A Mercer County Superior Court judge denied a last-minute request from the Republican State Committee that sought to force county election boards to report the number of hand-delivered mail-in ballots cast at polling places Tuesday.
Judge Mary Jacobson ruled did not rule on the Republican Party’s request for the release of certifications signed by voters who hand deliver their ballots, citing the state’s attorney’s lack of opportunity to inquire on such manners.
She also did not issue a ruling on a permanent injunction that would have required the state to report the number of such ballots in future elections.
The New Jersey GOP abandoned its request that election officials be forced to report the number of hand-delivered ballots received every two hours.
Bridgewater Mayor Matthew Moench, who served as counsel for the plaintiffs, which included the state committee, State Senate Minority Leader Tom Kean’s (R-Westfield) congressional campaign and county Republican organizations from Somerset and Union, said such reporting would be impractical given the hearing’s 1 p.m. start time.
The Republicans argued the such ballot counts should be released because board workers are already required to release the number of provisional and machine votes cast in two-hour increments.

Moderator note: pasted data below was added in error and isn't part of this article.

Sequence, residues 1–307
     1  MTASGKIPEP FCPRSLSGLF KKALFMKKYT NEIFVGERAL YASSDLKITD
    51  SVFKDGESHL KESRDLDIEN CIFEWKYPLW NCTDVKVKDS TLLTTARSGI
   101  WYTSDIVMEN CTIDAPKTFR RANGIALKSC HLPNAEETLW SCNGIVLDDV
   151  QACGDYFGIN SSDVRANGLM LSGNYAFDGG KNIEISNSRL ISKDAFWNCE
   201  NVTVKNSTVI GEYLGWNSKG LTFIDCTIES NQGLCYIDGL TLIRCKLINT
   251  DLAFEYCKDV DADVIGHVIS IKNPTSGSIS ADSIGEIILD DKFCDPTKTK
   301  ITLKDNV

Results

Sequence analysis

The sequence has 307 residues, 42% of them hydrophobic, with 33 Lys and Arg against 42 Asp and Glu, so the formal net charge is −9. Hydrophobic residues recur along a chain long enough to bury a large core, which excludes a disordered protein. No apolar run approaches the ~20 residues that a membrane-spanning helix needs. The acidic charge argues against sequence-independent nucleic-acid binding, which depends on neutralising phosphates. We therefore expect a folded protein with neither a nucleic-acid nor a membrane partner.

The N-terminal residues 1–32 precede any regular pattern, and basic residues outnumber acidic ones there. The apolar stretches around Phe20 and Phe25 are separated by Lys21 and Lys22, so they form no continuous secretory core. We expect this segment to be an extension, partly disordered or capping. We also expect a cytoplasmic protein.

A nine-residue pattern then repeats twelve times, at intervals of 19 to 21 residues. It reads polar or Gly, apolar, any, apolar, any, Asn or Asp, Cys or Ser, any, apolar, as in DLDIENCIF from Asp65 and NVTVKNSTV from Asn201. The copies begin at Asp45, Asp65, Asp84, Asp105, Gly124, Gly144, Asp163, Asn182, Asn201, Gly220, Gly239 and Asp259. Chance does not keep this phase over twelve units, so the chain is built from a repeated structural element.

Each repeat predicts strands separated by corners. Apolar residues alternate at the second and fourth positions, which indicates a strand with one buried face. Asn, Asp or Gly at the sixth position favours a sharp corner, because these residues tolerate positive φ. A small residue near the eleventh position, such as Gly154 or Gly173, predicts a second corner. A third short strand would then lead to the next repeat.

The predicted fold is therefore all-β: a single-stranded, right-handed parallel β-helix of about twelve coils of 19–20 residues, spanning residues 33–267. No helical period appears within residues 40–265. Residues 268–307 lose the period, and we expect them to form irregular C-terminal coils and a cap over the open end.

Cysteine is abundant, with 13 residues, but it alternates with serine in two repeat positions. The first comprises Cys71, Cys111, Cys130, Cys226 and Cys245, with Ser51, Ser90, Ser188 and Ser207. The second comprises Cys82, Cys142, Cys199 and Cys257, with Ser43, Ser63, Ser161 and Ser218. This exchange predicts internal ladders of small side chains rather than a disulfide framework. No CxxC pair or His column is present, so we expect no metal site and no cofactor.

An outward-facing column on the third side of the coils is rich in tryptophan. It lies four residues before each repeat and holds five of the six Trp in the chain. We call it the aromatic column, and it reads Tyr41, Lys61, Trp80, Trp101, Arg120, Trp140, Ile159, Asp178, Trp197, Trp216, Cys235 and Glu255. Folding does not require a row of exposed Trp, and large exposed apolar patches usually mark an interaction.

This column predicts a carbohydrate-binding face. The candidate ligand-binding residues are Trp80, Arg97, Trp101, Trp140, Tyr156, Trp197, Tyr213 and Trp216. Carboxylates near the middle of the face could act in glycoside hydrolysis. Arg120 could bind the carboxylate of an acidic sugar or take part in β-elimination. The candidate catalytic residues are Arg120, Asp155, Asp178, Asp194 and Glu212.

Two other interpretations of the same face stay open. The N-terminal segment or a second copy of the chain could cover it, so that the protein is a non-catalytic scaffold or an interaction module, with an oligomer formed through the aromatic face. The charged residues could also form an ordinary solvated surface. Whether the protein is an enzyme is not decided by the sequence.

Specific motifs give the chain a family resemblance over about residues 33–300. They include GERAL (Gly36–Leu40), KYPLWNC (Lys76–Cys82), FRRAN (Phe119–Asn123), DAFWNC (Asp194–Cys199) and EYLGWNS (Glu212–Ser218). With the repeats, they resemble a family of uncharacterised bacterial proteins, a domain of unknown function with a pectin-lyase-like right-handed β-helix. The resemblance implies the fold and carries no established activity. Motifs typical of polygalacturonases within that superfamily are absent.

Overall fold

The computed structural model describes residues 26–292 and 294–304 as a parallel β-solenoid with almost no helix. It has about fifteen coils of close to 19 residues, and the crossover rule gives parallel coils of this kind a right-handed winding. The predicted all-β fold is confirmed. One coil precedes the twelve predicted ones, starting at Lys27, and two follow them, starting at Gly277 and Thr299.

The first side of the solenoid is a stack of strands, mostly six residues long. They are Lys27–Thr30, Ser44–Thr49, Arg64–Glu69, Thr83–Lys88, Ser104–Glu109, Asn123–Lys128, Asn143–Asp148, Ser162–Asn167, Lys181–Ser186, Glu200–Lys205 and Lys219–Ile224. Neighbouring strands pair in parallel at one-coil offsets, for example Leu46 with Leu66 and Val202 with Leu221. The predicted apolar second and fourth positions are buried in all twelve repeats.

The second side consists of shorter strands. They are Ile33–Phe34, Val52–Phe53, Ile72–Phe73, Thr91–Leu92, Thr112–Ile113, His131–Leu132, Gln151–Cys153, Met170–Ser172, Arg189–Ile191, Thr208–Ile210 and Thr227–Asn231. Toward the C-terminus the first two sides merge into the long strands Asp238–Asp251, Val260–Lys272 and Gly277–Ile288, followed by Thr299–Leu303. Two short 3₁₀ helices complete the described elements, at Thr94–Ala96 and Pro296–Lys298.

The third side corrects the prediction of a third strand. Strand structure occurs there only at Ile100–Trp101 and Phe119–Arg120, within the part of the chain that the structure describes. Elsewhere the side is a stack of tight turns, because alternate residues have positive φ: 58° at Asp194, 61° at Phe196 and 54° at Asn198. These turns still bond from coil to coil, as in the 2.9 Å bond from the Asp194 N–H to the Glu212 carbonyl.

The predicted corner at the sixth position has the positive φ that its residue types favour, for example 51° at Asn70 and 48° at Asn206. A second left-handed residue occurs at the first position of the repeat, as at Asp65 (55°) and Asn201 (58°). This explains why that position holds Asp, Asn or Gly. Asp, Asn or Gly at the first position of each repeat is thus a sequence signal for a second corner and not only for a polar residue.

Though state law makes no mention of such reporting for hand-delivered mail-in ballots — this year’s election is the first to allow them — Moench argued it was in line with legislative intent to improve transparency.
Deputy Attorney General Steven Gleeson said the statute’s language clearly did not include hand-delivered ballots, also citing legislation codifying Gov. Phil Murphy’s executive order mandating a mostly-mail election.
That order included no such reporting requirement.
Gleeson further argued poll workers were not trained to count hand-delivered ballots. Moench said they could make the count quickly by counting the number of certification pages.
The Democratic State Committee, represented by Raj Parikh, did not take a stance on the reporting requirement, though they attended the call to question the intent of their Republican counterparts, citing a defeated federal suit launched by President Donald Trump’s campaign that sought to block the state’s mostly-mail election.